In some cases, natural smells have already been trademarked (also called Olfactory Marks).   “The Smell of Fresh Cut Grass”, for instance, is officially trademarked by a tennis ball company; United Airlines has a trademarked “Landing Scent”; and a Ukulele company has the only instruments that smell of Piña Colada.   These are all quite benign examples of “Non-Conventional Trademarks,” which in addition to smells and sounds also include shape and color. Toblerone candies are pretty unmistakable with their shape, and you probably wouldn’t find another candy bar shaped like the chocolaty peaks and valleys of the bar.

The filing of Non-Conventional Trademarks (particularly in the US) are increasing based on an ever more competitive market (whatever that may be) – companies are looking for new ways to get ahead. Recently, a company filed an olfactory trademark for the fresh scent of oranges some liken to the smell of orange juice. Even the liquid looked an appetizing and refreshing orange color. Except this liquid is far from one you’d want to ingest.; it’s developed by Flotek Industries – a Fracking corporation out of Texas – for its Fracking Chemicals.

So where is the line drawn? Can companies patent natural shapes if consumers have come to liken its product to a certain shape that appears in nature, like that of the ubiquitous golden spiral? Or the fractals that are so pervasive in our natural world?   There have been a few examples of trademarking nature’s smells, yet it’s the first in the world of fracking chemicals, which is decidedly quite a harmful practice for the environment and human health.  Hence, it’ll be interesting to see the ruling on this and if it does go through, if there will be other companies in these types of these industrial niches that will employ this technique.

Corporate Roundtable Event at Sherwin-Williams

Last month, Great Lakes Biomimicry (GLBio) asked if I was available to give a short presentation at an upcoming Corporate Roundtable event, part of a monthly series organized by Center for Sustainable Business Practices at Cleveland State University.

For those of you who haven’t followed this blog from the very beginning or heard of GLBio, GLBio is a not-for-profit organization dedicated to creating conditions in our region for innovation through biomimicry. The Biomimicry PhD Fellowship is the result of one of the earliest collaborations between The University of Akron and GLBio. GLBio is the organization that initiates secures corporate and foundation sponsorships for Biomimicry Fellows. We have GLBio to thank for each of our fellowship opportunities.

The March Corporate Roundtable is particularly special to me, not only because GLBio was an organizer, but because it was held at the Breen Technology Center at Sherwin-Williams – my fellowship sponsor.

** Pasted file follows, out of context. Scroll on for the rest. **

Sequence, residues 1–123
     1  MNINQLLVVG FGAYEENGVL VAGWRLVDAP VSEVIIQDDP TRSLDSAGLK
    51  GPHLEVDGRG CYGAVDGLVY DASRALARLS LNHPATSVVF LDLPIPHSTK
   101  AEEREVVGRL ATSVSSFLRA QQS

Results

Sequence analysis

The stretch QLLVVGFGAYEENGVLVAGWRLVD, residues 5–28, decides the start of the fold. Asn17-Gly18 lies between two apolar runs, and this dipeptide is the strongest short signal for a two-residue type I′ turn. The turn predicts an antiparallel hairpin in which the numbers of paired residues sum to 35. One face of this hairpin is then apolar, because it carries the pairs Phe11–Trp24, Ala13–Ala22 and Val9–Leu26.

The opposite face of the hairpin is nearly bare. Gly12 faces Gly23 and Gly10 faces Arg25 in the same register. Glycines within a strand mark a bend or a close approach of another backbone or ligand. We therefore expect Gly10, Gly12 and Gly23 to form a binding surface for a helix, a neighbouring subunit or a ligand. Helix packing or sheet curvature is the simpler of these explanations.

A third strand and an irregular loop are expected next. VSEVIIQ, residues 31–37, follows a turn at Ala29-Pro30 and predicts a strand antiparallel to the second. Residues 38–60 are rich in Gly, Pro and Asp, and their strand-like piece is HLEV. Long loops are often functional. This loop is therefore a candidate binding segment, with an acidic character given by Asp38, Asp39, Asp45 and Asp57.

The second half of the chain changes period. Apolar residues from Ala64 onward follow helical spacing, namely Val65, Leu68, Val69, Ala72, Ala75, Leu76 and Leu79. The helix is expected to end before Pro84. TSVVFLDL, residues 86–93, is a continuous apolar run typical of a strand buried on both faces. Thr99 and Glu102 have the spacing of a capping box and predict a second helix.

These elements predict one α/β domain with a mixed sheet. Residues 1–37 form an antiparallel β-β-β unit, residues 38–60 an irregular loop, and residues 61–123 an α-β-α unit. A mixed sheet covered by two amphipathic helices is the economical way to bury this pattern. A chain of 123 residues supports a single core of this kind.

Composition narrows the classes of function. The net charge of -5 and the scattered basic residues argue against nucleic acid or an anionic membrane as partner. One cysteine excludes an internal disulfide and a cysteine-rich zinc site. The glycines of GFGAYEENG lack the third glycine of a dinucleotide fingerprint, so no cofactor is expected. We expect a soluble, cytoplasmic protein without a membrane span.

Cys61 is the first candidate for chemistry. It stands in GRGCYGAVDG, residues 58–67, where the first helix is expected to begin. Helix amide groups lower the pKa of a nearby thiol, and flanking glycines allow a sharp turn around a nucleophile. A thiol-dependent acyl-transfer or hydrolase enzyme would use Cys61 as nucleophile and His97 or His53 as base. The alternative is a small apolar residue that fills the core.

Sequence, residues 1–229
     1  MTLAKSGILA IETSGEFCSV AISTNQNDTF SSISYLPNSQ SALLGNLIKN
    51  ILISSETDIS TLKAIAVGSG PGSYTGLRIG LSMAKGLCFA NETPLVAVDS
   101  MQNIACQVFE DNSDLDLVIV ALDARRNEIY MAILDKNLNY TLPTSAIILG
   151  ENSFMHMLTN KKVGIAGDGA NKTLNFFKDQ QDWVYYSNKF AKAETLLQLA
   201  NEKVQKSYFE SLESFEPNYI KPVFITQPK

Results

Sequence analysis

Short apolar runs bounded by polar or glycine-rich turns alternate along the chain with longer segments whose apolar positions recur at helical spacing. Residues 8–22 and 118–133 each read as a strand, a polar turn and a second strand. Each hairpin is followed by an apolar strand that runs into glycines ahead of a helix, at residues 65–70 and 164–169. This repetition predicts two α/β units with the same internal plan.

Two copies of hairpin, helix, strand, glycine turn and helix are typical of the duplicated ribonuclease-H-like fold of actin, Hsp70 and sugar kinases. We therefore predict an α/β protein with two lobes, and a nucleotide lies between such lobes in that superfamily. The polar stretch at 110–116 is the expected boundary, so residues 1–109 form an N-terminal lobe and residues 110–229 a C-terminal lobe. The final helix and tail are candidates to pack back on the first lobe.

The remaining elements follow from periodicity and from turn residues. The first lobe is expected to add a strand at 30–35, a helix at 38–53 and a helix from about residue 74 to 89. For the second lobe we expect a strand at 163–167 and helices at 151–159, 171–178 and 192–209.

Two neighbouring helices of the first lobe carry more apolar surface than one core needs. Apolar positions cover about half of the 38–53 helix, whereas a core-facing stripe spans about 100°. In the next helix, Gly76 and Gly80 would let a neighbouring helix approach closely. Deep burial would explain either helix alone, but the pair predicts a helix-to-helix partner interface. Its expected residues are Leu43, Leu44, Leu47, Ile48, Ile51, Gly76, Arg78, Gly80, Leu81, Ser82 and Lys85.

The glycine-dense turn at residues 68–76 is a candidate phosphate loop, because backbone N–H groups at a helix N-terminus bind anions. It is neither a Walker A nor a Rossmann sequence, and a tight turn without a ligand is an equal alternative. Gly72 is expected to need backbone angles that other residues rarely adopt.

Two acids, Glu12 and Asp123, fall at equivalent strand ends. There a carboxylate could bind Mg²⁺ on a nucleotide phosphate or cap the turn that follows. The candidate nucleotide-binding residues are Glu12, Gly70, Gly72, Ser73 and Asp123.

I was given the task to talk about Biomimicry and my spider color research here at the University. I knew the audience would be very diverse, so I prepared some simplified presentation slides, leaving out technical jargon and focusing on getting my points across with the best visuals I can make. That morning there were around 50 people in the room, consisting of employees of Sherwin-Williams, faculty members and students from Cleveland State University, and many other local business leaders. In a limited amount of time, I successfully ignited people’s interests and curiosities about Biomimicry and spiders with a continuing individual Q&A session lasting about 30 min after the event, until we had to vacate the conference room!

It was a really interesting experience, and it felt good to know that I can successfully make people excited about Biomimicry and biological research. Many opportunities like this are coming…I’ll try my best to share them with you on the blog.


ps. This week I’ll be kicking off an internal innovation workshop series at Sherwin-Williams with an introductory lecture about Biomimicry. Following-on will be weekly hands-on workshop sessions where we will tackle a Sherwin-Williams R&D project (topic to be determined at the kick-off session this week) using Biomimicry tools and processes. I’m really looking forward to seeing what we’ll achieve!!

Update: GreenTown at Kent Conference

As introduced in my last post from February, the GreenTown conference will be held on April 14 at the Kent State Universtiy Hotel and Conference Center. Here are some updates on the events that will be offered: On April 13 there will be a pre-conference including three workshops: The “Farm to School” workshop will focus on the possibilities of increasing the capacity of local communities to provide locally produced foods in schools. After that, the “Towns and Growns” workshop will be held bringing together leaders form universities, municipalities, community non-profits and other individuals to think differently with the context of university-city collaborations. In the evening a walk through downtown Kent with key speaker Mark Fenton is being offered. The main event on April 14 will start with several presentations dealing with topics such as sustainable minded businesses, creating sustainable regions and walkable communities for healthy people. This will be followed by 4 breakout sessions beginning at 11 am. For these sessions one can choose from one out of five tracks which are: Economic development, food and waste, water and green infrastructure, community sustainability planning and transportation. One of the breakout sessions will be a panel discussion titled “Biomimicry: Innovation comes naturally.” Panelists include three of our biomimicry fellows (Emily Kennedy, Adam Pierce and Sebastian Engelhardt). For more information have a look at GreenTown at Kent. Registration for the event is now open.GreenTown at Kent Poster

Project Wild Thing

Hi germiNature readers,